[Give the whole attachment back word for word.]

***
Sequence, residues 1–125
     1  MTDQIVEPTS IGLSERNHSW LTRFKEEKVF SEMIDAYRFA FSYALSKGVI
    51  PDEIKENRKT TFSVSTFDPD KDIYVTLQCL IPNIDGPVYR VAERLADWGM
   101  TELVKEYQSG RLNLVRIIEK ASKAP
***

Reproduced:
Sequence, residues 1–125
     1  MTDQIVEPTS IGLSERNHSW LTRFKEEKVF SEMIDAYRFA FSYALSKGVI
    51  PDEIKENRKT TFSVSTFDPD KDIYVTLQCL IPNIDGPVYR VAERLADWGM
   101  TELVKEYQSG RLNLVRIIEK ASKAP